Anorak News | The Hooded Law

The Hooded Law

by | 27th, May 2005

‘WHILE the foodists tell us that we are what we eat, the fashion police are telling us what to wear.

”And where are you going in such a hurry, wing commander”

Few can claim Dale Carroll, a 16-year-old from Manchester with a criminal history that embraces throwing fireworks at cyclists, driving a car over the pavement and attempting to cut down a CTV lamppost with a chainsaw is an overgrown boy scout.

But we are struggling to work out how banning him from wearing a hooded top for five years is going to curb his anti-social instincts, as the Times reports?

Presumably, the idea is that Carroll will be easier to identify as he goes about the town if he wears nothing on his head, or else a large deerstalker, a shocking pink fedora or a bowler hat.

Of course, if the scamp really wants to evade detection and look like every other law breaker on the block, he should move to Derbyshire and dress up as a traffic cop.

Following the earlier news of how a Derbyshire officer walked free of a speeding charge after his car’s black box recorder went missing, the Telegraph notes that that the case was the thin edge of a fat wedge.

Last year, 59 police cars were caught speeding in Derbyshire. All were marked cars. All were captured on speed cameras. And none had their blue lights flashing.

And in every single case, senior officers decided that the journey the police driver was making justified their breaking the law.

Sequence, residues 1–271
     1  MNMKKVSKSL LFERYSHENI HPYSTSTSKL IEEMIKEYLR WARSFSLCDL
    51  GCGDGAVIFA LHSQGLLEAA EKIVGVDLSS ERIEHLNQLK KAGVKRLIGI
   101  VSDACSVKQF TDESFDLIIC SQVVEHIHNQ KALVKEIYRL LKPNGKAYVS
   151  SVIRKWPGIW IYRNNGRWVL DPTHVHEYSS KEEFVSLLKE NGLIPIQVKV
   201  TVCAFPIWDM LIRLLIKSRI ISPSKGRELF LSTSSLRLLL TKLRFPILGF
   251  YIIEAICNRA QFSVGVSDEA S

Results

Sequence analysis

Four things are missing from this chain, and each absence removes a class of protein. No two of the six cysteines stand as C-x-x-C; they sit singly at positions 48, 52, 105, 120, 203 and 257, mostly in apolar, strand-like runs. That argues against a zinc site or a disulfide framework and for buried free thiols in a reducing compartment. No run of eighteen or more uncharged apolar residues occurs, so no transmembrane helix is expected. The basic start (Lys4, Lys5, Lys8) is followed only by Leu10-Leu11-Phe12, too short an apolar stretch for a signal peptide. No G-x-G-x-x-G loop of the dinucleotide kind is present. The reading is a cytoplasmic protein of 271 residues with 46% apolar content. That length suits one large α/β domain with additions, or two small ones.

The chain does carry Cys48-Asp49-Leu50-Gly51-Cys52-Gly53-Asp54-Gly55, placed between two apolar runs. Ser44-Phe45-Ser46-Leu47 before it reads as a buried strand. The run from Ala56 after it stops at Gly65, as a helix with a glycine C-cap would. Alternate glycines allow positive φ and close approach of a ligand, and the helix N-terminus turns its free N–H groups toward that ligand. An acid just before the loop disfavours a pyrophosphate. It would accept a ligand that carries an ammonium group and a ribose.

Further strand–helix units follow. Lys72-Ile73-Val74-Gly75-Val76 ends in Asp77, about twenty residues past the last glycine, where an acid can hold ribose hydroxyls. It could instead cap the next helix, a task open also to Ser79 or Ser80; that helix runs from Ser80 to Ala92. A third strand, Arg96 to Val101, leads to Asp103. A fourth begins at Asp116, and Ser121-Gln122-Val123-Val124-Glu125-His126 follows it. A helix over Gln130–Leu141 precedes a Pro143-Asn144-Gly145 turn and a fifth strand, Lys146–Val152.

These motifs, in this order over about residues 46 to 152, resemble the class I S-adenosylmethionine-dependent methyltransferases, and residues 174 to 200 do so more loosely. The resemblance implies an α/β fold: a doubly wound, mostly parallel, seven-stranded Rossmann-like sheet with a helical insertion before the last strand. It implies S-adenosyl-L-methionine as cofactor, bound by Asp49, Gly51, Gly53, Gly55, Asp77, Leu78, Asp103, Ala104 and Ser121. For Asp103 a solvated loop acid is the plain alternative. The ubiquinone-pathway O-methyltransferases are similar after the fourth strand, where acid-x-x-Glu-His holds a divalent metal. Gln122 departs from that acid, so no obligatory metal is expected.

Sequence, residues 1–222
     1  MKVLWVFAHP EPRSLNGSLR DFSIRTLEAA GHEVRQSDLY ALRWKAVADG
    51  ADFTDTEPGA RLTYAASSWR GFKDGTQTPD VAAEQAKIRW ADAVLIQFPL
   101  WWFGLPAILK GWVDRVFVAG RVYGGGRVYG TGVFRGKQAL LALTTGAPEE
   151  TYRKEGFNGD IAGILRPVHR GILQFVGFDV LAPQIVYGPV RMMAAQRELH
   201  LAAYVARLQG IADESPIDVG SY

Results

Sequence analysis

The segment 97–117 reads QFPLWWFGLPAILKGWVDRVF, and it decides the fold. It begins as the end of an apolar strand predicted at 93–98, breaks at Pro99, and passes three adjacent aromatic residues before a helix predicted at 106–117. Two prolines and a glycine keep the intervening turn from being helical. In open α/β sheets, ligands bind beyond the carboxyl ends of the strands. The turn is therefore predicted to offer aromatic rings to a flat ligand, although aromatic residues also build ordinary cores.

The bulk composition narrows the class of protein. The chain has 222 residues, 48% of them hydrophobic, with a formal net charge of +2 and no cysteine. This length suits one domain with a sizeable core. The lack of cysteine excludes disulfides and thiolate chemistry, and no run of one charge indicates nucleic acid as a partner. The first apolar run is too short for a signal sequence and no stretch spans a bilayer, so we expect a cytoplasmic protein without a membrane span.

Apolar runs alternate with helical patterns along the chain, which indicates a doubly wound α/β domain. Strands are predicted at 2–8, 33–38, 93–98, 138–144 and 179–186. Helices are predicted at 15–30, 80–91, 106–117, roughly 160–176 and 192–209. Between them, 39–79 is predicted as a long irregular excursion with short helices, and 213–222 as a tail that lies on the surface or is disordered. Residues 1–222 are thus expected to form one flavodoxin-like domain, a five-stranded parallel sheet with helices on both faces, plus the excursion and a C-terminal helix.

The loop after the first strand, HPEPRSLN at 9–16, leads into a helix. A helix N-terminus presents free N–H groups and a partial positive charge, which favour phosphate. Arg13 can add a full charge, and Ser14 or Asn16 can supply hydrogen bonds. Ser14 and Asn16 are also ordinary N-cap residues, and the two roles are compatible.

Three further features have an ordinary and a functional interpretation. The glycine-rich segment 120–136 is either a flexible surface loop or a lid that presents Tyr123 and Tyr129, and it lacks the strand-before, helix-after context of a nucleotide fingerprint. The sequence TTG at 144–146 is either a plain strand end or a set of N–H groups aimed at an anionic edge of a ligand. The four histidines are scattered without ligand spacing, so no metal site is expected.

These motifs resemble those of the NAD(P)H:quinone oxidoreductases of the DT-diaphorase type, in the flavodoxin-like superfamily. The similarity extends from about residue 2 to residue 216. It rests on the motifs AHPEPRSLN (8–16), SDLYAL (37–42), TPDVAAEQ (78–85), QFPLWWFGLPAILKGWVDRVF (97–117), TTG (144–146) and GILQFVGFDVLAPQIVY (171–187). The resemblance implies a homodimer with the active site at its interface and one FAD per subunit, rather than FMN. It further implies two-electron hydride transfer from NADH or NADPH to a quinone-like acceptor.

The officers were not hooning around, joy-riding, or setting a bad example. And neither were they responding to calls, since no driver called to say they were speeding in response to some suspicious activity.

Supt Royston Smith, head of the Derbyshire Police’s criminal justice unit, explains that’s some cars might have been caught on camera at the exact moment their blue lights were not visible.

That’s pretty fortunate for the diver. Especially since the paper tells us that the cars have two lights that flash in sequence, so that one is always visible.

But some of the cars have strobe lights, says Smith. And Smith says that in 14 cases that was what was happening. No questions, No doubt. Case closed.

And Smith says that officers do not need to put on their sirens and lights when attending emergencies, for fear of alerting criminals – or other motorists, cyclists and pedestrians.

But then it is all for the public’s good…’

Posted: 27th, May 2005 | In: Uncategorized Comment | TrackBack | Permalink